Gujarat voters resisted split in anti-incumbency votes
Election Commission data for Assembly elections from 1962 to 2012 shows an interesting trend — an average minimum of 33 per cent of the electorate pooled anti-establishment votes in Gujarat.
People have hardly voted for a newly mushroomed party, even when it was led by a stalwart like Bhailalbhai Patel (Swatantra Party), or Chimanbhai Patel’s first KLP or Janata Party. The latest of attempt in 2012, Gujarat Parivartan Party led by former Chief Minister Keshubhai Patel, fetched just 3.63 per cent votes. Only when there has been a major swing or an anti establishment wave, is when the third front has come to power — once in 1975 and the second time in 1990.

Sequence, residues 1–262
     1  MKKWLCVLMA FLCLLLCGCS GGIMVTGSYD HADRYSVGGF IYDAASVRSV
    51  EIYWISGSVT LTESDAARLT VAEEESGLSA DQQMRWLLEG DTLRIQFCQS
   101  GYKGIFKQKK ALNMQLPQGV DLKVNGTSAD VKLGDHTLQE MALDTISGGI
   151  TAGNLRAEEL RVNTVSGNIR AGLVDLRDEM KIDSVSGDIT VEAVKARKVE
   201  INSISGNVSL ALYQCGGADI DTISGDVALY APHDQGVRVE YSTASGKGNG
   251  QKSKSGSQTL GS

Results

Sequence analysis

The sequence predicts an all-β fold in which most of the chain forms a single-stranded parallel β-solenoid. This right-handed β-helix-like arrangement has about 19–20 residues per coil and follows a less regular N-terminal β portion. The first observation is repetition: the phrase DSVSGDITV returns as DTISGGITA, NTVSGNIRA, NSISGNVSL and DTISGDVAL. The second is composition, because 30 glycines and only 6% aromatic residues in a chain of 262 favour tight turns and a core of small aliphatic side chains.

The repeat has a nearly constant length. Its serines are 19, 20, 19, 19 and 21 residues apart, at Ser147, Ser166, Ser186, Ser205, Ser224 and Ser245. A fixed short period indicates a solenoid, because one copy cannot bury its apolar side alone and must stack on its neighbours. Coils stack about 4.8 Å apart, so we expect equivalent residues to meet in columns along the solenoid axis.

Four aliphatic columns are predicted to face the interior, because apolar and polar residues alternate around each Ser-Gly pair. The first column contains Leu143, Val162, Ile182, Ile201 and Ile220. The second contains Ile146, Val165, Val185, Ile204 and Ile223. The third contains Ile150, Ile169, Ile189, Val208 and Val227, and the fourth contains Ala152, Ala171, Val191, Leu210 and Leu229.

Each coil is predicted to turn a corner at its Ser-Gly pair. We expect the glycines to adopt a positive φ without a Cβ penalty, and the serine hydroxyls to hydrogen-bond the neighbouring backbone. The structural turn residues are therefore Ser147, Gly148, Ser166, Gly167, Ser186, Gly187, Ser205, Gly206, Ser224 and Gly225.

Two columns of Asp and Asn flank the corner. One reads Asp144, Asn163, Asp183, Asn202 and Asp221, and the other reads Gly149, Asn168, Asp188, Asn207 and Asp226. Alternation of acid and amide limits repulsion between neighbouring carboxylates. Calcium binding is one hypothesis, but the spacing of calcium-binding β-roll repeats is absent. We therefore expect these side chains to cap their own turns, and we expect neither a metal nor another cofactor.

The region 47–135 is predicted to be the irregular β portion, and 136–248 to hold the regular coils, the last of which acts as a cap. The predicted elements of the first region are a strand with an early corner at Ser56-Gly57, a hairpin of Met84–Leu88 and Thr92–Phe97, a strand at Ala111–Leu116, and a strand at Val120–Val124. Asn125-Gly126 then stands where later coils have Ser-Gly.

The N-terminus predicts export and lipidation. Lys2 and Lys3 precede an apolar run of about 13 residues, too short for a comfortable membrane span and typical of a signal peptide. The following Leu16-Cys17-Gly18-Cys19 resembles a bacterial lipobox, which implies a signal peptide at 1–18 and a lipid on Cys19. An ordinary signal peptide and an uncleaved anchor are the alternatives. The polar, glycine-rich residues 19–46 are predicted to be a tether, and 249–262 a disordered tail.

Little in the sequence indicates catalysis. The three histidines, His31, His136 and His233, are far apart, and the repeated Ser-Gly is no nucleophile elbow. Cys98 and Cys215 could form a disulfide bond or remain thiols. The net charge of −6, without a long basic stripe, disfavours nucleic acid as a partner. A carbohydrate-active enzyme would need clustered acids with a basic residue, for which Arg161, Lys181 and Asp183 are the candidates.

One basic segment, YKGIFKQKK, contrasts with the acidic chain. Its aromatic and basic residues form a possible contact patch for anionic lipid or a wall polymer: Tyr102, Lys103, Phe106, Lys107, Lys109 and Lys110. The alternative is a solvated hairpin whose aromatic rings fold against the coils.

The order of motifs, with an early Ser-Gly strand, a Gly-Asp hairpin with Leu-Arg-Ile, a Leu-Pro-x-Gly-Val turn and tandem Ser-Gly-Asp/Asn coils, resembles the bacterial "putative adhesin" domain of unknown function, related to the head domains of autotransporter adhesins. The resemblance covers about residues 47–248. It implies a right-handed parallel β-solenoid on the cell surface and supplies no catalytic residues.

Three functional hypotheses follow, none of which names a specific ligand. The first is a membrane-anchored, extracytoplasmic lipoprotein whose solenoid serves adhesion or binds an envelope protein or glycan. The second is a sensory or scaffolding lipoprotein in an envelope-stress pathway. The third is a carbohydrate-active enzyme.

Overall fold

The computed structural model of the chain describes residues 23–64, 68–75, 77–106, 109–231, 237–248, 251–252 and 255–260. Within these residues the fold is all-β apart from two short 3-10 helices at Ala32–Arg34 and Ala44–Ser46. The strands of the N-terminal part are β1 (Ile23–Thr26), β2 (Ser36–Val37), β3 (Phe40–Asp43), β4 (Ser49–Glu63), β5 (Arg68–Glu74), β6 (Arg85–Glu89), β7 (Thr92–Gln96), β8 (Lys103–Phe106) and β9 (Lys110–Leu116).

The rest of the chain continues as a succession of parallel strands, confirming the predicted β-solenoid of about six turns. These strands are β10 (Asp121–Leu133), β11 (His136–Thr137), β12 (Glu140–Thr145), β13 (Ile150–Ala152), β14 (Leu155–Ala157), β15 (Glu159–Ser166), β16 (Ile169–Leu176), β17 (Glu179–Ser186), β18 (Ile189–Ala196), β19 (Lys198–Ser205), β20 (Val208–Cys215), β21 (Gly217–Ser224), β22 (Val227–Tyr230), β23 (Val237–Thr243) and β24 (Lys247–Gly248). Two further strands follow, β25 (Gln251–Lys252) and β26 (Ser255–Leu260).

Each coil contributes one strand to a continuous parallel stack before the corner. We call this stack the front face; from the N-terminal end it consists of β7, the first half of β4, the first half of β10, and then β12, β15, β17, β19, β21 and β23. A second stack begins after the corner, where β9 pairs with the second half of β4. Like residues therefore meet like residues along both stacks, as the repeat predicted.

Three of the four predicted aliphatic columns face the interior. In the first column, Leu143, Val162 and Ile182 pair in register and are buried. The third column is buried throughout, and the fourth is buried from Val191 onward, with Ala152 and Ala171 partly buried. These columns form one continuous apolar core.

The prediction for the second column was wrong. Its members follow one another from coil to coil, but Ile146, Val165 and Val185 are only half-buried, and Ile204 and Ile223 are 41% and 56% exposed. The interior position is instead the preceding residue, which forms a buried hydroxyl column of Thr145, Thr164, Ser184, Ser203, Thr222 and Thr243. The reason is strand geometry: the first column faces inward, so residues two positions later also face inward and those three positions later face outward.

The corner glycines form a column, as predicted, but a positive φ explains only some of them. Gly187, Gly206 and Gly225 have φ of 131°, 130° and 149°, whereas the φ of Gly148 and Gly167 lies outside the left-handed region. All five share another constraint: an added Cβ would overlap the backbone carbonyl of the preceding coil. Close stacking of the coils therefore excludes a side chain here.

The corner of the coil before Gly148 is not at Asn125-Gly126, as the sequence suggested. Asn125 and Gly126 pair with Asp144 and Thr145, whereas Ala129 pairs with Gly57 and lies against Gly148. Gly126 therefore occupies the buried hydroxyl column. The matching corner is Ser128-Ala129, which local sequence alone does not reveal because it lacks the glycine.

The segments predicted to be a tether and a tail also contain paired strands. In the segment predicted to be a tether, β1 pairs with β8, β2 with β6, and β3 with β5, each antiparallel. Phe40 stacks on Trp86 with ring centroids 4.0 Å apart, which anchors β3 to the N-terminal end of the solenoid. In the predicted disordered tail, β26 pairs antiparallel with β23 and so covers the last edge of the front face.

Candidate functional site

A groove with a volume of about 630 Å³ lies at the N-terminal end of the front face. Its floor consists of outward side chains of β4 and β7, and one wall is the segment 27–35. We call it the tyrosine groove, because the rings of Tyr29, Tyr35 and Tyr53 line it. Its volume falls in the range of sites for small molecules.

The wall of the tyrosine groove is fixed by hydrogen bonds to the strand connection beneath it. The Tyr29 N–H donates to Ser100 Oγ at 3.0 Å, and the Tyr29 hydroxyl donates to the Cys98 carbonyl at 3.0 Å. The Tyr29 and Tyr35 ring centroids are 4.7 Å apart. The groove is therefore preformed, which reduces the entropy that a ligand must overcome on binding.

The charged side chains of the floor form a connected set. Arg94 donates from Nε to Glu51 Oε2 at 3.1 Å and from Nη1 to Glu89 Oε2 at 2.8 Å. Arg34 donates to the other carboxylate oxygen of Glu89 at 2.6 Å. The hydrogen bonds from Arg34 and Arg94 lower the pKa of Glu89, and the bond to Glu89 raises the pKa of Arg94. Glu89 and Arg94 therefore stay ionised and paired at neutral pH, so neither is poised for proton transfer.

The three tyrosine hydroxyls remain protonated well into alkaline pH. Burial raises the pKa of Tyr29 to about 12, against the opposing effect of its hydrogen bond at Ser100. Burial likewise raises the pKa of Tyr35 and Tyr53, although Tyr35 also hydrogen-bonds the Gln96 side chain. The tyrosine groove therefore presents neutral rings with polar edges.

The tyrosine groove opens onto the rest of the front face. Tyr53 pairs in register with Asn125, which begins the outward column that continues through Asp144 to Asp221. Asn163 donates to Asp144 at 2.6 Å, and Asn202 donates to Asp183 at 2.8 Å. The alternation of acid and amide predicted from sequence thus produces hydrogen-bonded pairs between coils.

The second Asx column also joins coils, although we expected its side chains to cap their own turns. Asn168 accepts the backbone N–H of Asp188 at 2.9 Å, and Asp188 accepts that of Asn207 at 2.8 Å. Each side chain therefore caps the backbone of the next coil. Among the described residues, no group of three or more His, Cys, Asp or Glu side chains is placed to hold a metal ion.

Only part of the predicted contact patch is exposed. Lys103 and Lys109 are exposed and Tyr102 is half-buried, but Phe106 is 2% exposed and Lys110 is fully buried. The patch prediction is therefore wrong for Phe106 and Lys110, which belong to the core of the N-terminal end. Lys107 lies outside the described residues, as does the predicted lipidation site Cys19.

What this data indicates is that any attempt to split anti-incumbency votes has not succeeded in the state. In 1962, some 11 parties contested the polls, but majority of the electorate voted either for the Congress, Swatantra Party, Praja Socialist Party or BJP, but not for the Hindu Mahasabha, Communist Party of India, Nutan Mahgujarat Janata Parishad or any other. The trend has continued.
In 1975, 10 parties contested the polls, in 1990, there were some 25 parties in the fray, 26 in 1995, 20 parties in 2002, 34 …read more